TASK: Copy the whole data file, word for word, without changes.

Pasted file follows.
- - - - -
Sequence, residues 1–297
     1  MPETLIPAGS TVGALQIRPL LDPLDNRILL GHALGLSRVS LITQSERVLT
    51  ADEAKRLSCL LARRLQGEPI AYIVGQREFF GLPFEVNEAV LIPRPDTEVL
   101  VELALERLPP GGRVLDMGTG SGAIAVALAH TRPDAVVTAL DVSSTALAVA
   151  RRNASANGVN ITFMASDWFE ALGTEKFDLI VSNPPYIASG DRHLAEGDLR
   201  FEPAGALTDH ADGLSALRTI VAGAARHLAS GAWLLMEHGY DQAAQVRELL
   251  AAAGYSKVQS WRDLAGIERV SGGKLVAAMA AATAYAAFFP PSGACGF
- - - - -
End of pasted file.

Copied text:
Sequence, residues 1–297
     1  MPETLIPAGS TVGALQIRPL LDPLDNRILL GHALGLSRVS LITQSERVLT
    51  ADEAKRLSCL LARRLQGEPI AYIVGQREFF GLPFEVNEAV LIPRPDTEVL
   101  VELALERLPP GGRVLDMGTG SGAIAVALAH TRPDAVVTAL DVSSTALAVA
   151  RRNASANGVN ITFMASDWFE ALGTEKFDLI VSNPPYIASG DRHLAEGDLR
   201  FEPAGALTDH ADGLSALRTI VAGAARHLAS GAWLLMEHGY DQAAQVRELL
   251  AAAGYSKVQS WRDLAGIERV SGGKLVAAMA AATAYAAFFP PSGACGF